Almost everyone loved Prison Break: namely seasons 1 and 2, by general consensus. From then on, you might conclude, it was all downhill--starting with the half-length season 3 and ending with a train wreck known as Season Four.

But, as I'm about to show, the train wreck really must be called the Final Season, not the Fourth. And by the time I'm finished, if you're a fan of 1 and 2, you'll want to view the real 4 in a hurry...and I'll tell you where to to see it. You may even see the flawed third season in a different light.

Prison Break began as the darling of viewers and critics alike. Though it made for brutal viewing, it offered great characters, production values, scripting and acting. Its real problems began with USA Today's TV critic, Robert Bianco, who took a vehement dislike to it and ridiculed it relentlessly as a bloated epic that should have been made as it was originally pitched: a five-episode mini series. According to Bianco, greed alone compelled the producers to stretch it out year after year.

Stop right there. Producer Paul Scheuring makes clear in the DVD extras that PB was pitched and always meant to be a five-year epic. And each season would have its own feel. 1: something like Escape from Alcatraz. 2: something like The Great Escape. 3: a dark riff on 1--with the cons re-imprisoned in a brutal new joint...to break out the mysterious Whistler. 4: something like Ocean's 11--with the re-escaped then captured cons forced by Special Agent Self to find and steal six Company cards. 5: something like the Bourne Idendity with the betrayed cons out to bring down the Company.

But by Season 3, cancellation rumours grew in frequency and volume. 3 itself was put on a short leash, the writers and cast scrambling to pull it off in only 13 episodes. Budget too seems to have been greatly reduced--the prison looks hopelessly fake. And the combination of second-rate effects and truncated length caused viewers to see it as a failure. It was not--but we'll come back to that in a minute.

Thank Bianco again for what happened next. Though viewer rebellion forced the network to grant the show one final season, the producers found themselves in a hopeless situation: under no circumstances could they stop the show at the end of season 4. They owed their fans a good deal more than that--and they also owed the show. What to do?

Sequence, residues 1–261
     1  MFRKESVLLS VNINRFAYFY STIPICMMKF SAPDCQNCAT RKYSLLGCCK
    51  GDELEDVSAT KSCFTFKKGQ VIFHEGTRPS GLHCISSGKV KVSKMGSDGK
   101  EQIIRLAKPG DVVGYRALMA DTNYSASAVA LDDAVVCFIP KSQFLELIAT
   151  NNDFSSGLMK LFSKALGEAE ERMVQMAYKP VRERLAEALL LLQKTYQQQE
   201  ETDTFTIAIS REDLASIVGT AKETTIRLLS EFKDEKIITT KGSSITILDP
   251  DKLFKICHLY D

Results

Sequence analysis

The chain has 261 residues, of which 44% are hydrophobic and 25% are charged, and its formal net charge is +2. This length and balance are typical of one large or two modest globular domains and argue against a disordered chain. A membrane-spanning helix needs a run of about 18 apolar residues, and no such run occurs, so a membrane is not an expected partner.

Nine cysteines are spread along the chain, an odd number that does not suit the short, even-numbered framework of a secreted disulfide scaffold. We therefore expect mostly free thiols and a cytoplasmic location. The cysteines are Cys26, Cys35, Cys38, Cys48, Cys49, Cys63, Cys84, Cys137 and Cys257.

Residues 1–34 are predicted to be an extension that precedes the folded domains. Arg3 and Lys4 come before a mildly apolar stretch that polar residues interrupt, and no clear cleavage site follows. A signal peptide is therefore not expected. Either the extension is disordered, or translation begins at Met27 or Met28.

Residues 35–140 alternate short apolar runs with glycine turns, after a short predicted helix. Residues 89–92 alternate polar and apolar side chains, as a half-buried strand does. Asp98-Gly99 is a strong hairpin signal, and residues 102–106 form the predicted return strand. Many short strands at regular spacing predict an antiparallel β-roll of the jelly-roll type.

They cut the intended lengths in half, then spliced the two together.

And where is the real fourth season? Episodes 1 through 12, ending with 'Selfless'--in which the cons run headlong into the Big Reveal: Don Self is a murdering s.o.b., who's played every one of them and is now the proud owner of Scylla. But in the splicing of two seasons, the sensational impact is lost and we move on immediately from Ocean's 11 to  Bourne.

I've just finished watching the real season 4. At the end of the 12th episode, I set the disc aside, wanting a break--as I would have enjoyed if there had been a fifth season. I wanted a break to recover from the impact of what I had seen: a lost masterpiece, recovered. 12 episodes were all that were needed to give us one hell of a story:
--Six cards are ingeniously stolen.
--Alex Mahone hunts the assassin who murdered his son--and transforms from a strung-out villain to a sympathetic and heroic figure.
--At the same time, the assassin Wyatt hunts down Alex and the others, with orders to wipe out them all.
--Don Self proves as dangerous as the other villains combined--but with his own tragic back story.
--Greta equals T-Bag the show's star psycho.

This season also contains what I believe is its single most powerful moment. In episode 6, Blow Out, Mahone is caught and arraigned...but tracked to court by Wyatt. Not one line of dialogue. But not one line is needed. William Fichtner says it all with his face, conveying a dozen emotions--from rage to blood lust to fear to despair.

The producers and writers worked wonders in condensing 4 to 12 episodes. And in separating it from 5, as we should, the shortened season 3 no longer seems like a freak.

Do yourselves a favour and view season 4 as it's meant to be seen. Then let's all take a break and see if season 5 holds up.